Key lessons from the book: The 7 Habits of Highly Effective People by Stephen Covey
Tuesday, 20 January, 2009 Leave a comment
The 7 Habits of Highly Effective People is a great personal development book, my favourite in its category. It can change your life if you follow it principles. Today, I would like to review the key lessons from the book.
- Character and value based ethics (not personality based).
- Realities and values. Paradigm shift, Difference between principles and values.
- Effective habits are internalised principles and patterns of behaviour.
- Maturity continuum – dependence, independence and interdependence
- Effectiveness and P/PC balance
Be proactive, use your resourcefulness and initiative, do solution selling, act and not be acted upon, proactive language, subordinate feelings to values. Focus on the circle of influence and not the circle of concern. Focus on the ‘be’ as in ‘I can be’ not ‘have’ as in ‘if I have’. Consequences and mistakes are in the circle of concern. Learn from them. Make and keep commitments – Self-awareness and conscience to become aware of strengths and weaknesses and imagination and independent will to make promises, set goals and build strength of character.
All things are created twice. Whether by design or default is in your hands. Take charge of the first creation. Leadership and management. What lies in the centre is the source of your security, guidance, wisdom and power. Principle centre puts all other centres in perspective. Visualise and affirm. A personal mission statement.
Habit 1 and 2 is the foundation where you understand your paradigms and how to shift them. Become incharge with habit 1 and do the first or mental creation with habit 2. Habit 3 teaches effective self-management. Focus on the second quadrant of important but not urgent. Harmony, unity and integrity between your roles and goals, priorities nad plans and desire and discipline. Balance between health, family, professional and personal development.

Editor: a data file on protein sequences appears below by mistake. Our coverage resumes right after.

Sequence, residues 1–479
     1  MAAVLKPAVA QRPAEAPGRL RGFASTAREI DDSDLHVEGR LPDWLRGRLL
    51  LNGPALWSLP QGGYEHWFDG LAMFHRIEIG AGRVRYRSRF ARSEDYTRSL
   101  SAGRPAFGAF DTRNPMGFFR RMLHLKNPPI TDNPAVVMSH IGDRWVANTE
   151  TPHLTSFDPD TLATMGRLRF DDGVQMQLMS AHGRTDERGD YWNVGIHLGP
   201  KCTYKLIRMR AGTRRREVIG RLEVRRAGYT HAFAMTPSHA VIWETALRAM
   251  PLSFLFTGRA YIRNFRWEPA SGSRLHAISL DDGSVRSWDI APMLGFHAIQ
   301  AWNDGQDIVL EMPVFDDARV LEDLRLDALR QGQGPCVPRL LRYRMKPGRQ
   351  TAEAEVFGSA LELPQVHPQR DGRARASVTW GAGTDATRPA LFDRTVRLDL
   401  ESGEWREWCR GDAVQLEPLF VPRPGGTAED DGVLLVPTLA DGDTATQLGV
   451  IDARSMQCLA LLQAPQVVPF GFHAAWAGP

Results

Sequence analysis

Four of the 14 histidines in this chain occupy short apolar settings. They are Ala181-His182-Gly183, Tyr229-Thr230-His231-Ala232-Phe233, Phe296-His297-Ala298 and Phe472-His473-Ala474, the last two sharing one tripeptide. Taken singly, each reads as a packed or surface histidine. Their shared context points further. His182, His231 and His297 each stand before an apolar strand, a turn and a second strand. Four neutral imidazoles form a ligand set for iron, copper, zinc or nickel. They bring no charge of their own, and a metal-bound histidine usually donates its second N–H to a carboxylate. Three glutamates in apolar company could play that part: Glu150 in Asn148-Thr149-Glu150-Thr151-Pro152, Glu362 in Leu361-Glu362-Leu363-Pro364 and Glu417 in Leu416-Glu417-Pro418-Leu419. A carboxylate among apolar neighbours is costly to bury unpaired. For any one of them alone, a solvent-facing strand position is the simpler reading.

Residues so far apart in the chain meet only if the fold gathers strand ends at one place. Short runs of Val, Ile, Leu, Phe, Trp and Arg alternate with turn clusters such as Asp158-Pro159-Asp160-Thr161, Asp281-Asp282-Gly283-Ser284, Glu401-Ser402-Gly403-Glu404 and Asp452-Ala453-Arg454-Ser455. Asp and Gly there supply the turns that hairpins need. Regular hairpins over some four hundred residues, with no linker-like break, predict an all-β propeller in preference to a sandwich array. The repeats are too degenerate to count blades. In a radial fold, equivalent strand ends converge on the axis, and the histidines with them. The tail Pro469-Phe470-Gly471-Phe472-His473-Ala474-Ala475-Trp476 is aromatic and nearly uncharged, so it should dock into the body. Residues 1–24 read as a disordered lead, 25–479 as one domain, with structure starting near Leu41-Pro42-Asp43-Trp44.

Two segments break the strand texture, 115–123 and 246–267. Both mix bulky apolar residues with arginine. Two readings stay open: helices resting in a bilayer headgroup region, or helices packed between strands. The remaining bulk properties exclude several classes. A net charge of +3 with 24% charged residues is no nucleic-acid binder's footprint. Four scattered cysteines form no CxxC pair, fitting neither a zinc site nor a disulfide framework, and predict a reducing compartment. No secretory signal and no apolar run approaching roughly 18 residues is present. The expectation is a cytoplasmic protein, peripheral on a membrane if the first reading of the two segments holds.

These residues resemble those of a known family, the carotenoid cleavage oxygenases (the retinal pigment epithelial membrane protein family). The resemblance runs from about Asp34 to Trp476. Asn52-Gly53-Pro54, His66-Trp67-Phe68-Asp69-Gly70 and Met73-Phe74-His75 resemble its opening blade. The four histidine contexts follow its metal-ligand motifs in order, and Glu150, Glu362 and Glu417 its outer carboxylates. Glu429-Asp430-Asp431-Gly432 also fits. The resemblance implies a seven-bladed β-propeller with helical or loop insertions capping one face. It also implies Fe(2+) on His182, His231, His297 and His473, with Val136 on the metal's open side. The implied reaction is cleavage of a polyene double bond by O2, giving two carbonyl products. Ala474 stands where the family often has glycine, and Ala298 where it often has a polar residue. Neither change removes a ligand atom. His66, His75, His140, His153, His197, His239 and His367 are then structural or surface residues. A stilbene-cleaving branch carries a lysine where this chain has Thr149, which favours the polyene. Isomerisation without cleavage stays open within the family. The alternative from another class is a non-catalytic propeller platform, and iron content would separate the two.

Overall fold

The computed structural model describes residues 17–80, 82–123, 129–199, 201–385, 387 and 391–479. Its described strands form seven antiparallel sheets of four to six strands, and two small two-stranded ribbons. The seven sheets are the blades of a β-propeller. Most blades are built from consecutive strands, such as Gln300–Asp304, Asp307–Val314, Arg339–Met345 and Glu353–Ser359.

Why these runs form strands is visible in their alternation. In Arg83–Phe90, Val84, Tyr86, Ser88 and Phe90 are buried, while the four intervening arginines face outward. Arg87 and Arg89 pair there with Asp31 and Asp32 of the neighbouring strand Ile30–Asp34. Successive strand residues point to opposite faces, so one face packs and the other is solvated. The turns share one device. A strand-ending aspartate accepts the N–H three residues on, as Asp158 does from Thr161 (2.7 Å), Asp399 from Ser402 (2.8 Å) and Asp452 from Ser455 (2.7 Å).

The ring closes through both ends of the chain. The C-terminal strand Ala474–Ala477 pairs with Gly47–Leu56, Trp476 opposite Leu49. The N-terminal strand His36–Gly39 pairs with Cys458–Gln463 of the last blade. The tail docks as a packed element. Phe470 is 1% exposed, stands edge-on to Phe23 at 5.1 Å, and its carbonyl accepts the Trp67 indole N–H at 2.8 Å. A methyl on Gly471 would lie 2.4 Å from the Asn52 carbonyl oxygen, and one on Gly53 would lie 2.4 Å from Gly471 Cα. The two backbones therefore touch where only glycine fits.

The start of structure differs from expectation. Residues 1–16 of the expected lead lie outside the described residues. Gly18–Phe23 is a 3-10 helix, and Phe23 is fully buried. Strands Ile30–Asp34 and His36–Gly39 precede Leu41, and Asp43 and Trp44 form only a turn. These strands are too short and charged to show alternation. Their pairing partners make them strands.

Six major deposits in emotional bank account – understand the individual, attend to little things, keep commitments, clarify expectations, apologise sincerely if you withdraw.
Think win/win. Five dimensions of win/win are character (integrity, maturity with a balance for courage and consideration, abundance mentality), relationship (go beyond transactional leadership into transformation leadership), agreement (elements made explicit – desired results, guidelines, resources, accountability, consequences). Have systems and processes to support win/win
Seek first to understand and then be understood. Communicate empathically. Don’t prescribe without diagnosis. Do not project your autobiography as a response.
Synergise. Levels of communication are defensive (win/lose), respectful (compromise) and synergistic (win/win). Value the differences.
Sharpen the saw with balanced self-renewal. Physical, spiritual, mental and social/emotional balance. Inside-out approach.